In February, researchers from Johns Hopkins University, Baltimore, teamed with Stolarski and other NASA scientists on a similar paper suggesting that increasing greenhouse gases would delay or even postpone the recovery of ozone levels in the lower stratosphere over some parts of the globe. Using the same model as Li, Stolarski, and Newman, the researchers found that the lower stratosphere over tropical and mid-southern latitudes might not return to pre-1980s levels of ozone for more than a century, if ever.

Sarah DeWitt | EurekAlert!
Further information:
http://www.nasa.gov
http://www.nasa.gov/topics/earth/features/ozone_recovery.html

More articles from Physics and Astronomy:

nachricht Computer model predicts how fracturing metallic glass releases energy at the atomic level
20.07.2018 | American Institute of Physics

nachricht What happens when we heat the atomic lattice of a magnet all of a sudden?
18.07.2018 | Forschungsverbund Berlin

All articles from Physics and Astronomy >>>

The most recent press releases about innovation >>>

Die letzten 5 Focus-News des innovations-reports im Überblick:

Im Focus: Future electronic components to be printed like newspapers

A new manufacturing technique uses a process similar to newspaper printing to form smoother and more flexible metals for making ultrafast electronic devices.

The low-cost process, developed by Purdue University researchers, combines tools already used in industry for manufacturing metals on a large scale, but uses...

Im Focus: First evidence on the source of extragalactic particles

For the first time ever, scientists have determined the cosmic origin of highest-energy neutrinos. A research group led by IceCube scientist Elisa Resconi, spokesperson of the Collaborative Research Center SFB1258 at the Technical University of Munich (TUM), provides an important piece of evidence that the particles detected by the IceCube neutrino telescope at the South Pole originate from a galaxy four billion light-years away from Earth.

To rule out other origins with certainty, the team led by neutrino physicist Elisa Resconi from the Technical University of Munich and multi-wavelength...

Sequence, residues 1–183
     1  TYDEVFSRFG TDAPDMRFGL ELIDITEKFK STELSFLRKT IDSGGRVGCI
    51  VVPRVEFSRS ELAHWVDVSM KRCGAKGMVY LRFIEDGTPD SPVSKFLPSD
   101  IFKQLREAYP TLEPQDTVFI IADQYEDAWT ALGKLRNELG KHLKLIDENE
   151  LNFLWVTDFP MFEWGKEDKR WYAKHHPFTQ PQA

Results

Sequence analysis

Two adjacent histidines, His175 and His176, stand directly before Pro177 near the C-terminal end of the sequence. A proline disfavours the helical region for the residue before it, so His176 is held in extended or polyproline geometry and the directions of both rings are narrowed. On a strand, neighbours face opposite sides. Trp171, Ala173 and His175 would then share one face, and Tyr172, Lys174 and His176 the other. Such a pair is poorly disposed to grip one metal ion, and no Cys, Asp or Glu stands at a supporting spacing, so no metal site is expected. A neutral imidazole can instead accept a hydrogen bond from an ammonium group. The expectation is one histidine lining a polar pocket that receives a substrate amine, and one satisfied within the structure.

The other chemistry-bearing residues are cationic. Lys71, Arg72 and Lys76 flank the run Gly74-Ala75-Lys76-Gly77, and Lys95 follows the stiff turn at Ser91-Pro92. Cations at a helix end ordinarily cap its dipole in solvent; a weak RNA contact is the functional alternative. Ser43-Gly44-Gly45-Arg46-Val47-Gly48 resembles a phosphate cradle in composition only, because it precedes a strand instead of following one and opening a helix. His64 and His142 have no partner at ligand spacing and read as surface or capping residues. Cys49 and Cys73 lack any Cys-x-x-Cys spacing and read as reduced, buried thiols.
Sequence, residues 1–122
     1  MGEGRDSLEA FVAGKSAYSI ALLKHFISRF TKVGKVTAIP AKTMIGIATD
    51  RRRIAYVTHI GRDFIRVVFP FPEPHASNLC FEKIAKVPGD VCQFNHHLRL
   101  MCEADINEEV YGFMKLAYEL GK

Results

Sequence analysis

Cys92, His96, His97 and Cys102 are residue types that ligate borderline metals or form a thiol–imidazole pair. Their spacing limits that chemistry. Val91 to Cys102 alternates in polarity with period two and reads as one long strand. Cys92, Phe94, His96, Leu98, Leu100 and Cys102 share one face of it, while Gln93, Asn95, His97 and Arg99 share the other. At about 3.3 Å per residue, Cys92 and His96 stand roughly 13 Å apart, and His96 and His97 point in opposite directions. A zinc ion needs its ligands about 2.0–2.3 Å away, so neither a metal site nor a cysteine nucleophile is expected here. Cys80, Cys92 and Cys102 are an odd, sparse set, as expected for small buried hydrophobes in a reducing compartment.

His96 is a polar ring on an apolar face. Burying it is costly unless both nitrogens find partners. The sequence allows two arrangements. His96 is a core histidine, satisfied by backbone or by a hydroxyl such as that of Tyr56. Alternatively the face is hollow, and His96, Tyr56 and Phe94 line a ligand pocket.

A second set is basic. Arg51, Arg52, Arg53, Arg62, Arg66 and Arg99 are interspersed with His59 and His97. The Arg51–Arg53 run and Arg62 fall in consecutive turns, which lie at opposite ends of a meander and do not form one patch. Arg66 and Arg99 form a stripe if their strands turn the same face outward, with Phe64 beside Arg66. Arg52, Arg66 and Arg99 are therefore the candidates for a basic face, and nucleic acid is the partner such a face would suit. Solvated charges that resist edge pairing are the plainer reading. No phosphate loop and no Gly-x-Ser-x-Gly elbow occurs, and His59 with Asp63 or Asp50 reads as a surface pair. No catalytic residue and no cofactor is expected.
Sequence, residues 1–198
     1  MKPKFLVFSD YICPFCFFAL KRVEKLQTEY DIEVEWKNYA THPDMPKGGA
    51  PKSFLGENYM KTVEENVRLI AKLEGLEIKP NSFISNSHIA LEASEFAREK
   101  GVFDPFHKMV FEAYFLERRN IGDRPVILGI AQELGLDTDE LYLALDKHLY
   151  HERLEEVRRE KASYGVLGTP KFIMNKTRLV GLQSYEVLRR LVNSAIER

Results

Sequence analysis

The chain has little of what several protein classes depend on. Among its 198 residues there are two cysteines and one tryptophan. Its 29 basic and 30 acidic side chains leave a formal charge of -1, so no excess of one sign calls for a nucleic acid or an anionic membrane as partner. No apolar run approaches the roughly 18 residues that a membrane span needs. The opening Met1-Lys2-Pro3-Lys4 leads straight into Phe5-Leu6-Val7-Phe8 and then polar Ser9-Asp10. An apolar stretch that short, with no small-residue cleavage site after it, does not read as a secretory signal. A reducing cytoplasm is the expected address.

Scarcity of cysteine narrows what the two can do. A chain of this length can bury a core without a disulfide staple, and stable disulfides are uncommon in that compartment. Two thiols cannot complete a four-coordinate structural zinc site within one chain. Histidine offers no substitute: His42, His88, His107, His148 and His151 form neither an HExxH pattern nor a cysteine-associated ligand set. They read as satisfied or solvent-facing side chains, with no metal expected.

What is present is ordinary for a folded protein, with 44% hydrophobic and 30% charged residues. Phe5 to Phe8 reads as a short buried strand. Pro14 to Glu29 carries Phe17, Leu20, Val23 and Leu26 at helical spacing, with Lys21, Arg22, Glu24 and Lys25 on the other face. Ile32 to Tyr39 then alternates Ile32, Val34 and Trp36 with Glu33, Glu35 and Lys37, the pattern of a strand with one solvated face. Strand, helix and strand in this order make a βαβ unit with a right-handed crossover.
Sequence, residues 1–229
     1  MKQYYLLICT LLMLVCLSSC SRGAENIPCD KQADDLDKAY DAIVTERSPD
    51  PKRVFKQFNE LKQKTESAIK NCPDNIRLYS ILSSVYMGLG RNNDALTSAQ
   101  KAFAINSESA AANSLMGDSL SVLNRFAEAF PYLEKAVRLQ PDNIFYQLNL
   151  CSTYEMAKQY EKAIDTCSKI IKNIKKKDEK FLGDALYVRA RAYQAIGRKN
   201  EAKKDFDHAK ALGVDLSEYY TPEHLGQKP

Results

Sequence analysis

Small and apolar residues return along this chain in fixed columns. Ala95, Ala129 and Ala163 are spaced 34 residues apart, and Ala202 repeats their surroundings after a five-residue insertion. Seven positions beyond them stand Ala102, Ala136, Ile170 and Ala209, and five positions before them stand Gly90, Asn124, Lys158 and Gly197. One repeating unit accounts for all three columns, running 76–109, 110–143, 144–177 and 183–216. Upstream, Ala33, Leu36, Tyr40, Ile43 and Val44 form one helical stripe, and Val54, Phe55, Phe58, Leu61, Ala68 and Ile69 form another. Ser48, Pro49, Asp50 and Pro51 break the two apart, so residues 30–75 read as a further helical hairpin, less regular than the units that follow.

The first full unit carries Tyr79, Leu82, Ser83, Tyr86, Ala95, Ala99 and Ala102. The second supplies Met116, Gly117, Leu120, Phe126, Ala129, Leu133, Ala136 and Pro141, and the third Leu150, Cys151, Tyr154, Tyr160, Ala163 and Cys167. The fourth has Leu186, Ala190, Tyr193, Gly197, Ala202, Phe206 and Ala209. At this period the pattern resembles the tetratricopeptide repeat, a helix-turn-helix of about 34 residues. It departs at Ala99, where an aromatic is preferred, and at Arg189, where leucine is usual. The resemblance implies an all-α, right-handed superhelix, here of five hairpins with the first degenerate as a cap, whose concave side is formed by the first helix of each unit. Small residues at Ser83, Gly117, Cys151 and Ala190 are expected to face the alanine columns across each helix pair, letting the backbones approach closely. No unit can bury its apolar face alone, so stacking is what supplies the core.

Im Focus: Magnetic vortices: Two independent magnetic skyrmion phases discovered in a single material

For the first time a team of researchers have discovered two different phases of magnetic skyrmions in a single material. Physicists of the Technical Universities of Munich and Dresden and the University of Cologne can now better study and understand the properties of these magnetic structures, which are important for both basic research and applications.

Whirlpools are an everyday experience in a bath tub: When the water is drained a circular vortex is formed. Typically, such whirls are rather stable. Similar...

Im Focus: Breaking the bond: To take part or not?

Physicists working with Roland Wester at the University of Innsbruck have investigated if and how chemical reactions can be influenced by targeted vibrational excitation of the reactants. They were able to demonstrate that excitation with a laser beam does not affect the efficiency of a chemical exchange reaction and that the excited molecular group acts only as a spectator in the reaction.

A frequently used reaction in organic chemistry is nucleophilic substitution. It plays, for example, an important role in in the synthesis of new chemical...

Im Focus: New 2D Spectroscopy Methods

Optical spectroscopy allows investigating the energy structure and dynamic properties of complex quantum systems. Researchers from the University of Würzburg present two new approaches of coherent two-dimensional spectroscopy.

"Put an excitation into the system and observe how it evolves." According to physicist Professor Tobias Brixner, this is the credo of optical spectroscopy....

All Focus news of the innovation-report >>>

Anzeige

Anzeige

VideoLinks
Industry & Economy
Event News

Leading experts in Diabetes, Metabolism and Biomedical Engineering discuss Precision Medicine

13.07.2018 | Event News

Conference on Laser Polishing – LaP: Fine Tuning for Surfaces

12.07.2018 | Event News

11th European Wood-based Panel Symposium 2018: Meeting point for the wood-based materials industry

03.07.2018 | Event News

 
Latest News

A smart safe rechargeable zinc ion battery based on sol-gel transition electrolytes

20.07.2018 | Power and Electrical Engineering

Reversing cause and effect is no trouble for quantum computers

20.07.2018 | Information Technology

Princeton-UPenn research team finds physics treasure hidden in a wallpaper pattern

20.07.2018 | Materials Sciences

VideoLinks
Science & Research
Overview of more VideoLinks >>>